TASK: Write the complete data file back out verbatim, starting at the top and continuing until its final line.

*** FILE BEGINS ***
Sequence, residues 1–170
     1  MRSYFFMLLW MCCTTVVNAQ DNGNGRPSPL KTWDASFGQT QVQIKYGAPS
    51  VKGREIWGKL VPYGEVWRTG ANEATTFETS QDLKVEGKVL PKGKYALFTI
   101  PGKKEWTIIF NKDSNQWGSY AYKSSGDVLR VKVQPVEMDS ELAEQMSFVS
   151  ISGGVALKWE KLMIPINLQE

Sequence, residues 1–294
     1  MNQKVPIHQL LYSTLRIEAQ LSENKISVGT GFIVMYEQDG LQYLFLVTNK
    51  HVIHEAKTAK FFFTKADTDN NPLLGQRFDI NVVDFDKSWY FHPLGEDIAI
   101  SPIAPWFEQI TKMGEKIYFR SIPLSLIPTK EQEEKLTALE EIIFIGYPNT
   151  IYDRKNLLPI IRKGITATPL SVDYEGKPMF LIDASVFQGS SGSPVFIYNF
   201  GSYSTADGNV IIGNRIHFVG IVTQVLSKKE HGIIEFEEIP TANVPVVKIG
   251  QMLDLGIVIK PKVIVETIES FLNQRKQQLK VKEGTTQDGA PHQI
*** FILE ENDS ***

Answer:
Sequence, residues 1–170
     1  MRSYFFMLLW MCCTTVVNAQ DNGNGRPSPL KTWDASFGQT QVQIKYGAPS
    51  VKGREIWGKL VPYGEVWRTG ANEATTFETS QDLKVEGKVL PKGKYALFTI
   101  PGKKEWTIIF NKDSNQWGSY AYKSSGDVLR VKVQPVEMDS ELAEQMSFVS
   151  ISGGVALKWE KLMIPINLQE

Sequence, residues 1–294
     1  MNQKVPIHQL LYSTLRIEAQ LSENKISVGT GFIVMYEQDG LQYLFLVTNK
    51  HVIHEAKTAK FFFTKADTDN NPLLGQRFDI NVVDFDKSWY FHPLGEDIAI
   101  SPIAPWFEQI TKMGEKIYFR SIPLSLIPTK EQEEKLTALE EIIFIGYPNT
   151  IYDRKNLLPI IRKGITATPL SVDYEGKPMF LIDASVFQGS SGSPVFIYNF
   201  GSYSTADGNV IIGNRIHFVG IVTQVLSKKE HGIIEFEEIP TANVPVVKIG
   251  QMLDLGIVIK PKVIVETIES FLNQRKQQLK VKEGTTQDGA PHQI